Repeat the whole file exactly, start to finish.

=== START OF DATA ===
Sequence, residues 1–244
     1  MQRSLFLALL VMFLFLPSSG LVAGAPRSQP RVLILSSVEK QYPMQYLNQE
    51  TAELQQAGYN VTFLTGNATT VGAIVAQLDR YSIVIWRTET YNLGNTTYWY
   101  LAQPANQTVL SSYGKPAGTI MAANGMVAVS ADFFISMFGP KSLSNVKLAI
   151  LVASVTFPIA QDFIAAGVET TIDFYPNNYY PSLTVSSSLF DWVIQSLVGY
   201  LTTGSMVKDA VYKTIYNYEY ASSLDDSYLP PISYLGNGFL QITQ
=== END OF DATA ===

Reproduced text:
Sequence, residues 1–244
     1  MQRSLFLALL VMFLFLPSSG LVAGAPRSQP RVLILSSVEK QYPMQYLNQE
    51  TAELQQAGYN VTFLTGNATT VGAIVAQLDR YSIVIWRTET YNLGNTTYWY
   101  LAQPANQTVL SSYGKPAGTI MAANGMVAVS ADFFISMFGP KSLSNVKLAI
   151  LVASVTFPIA QDFIAAGVET TIDFYPNNYY PSLTVSSSLF DWVIQSLVGY
   201  LTTGSMVKDA VYKTIYNYEY ASSLDDSYLP PISYLGNGFL QITQ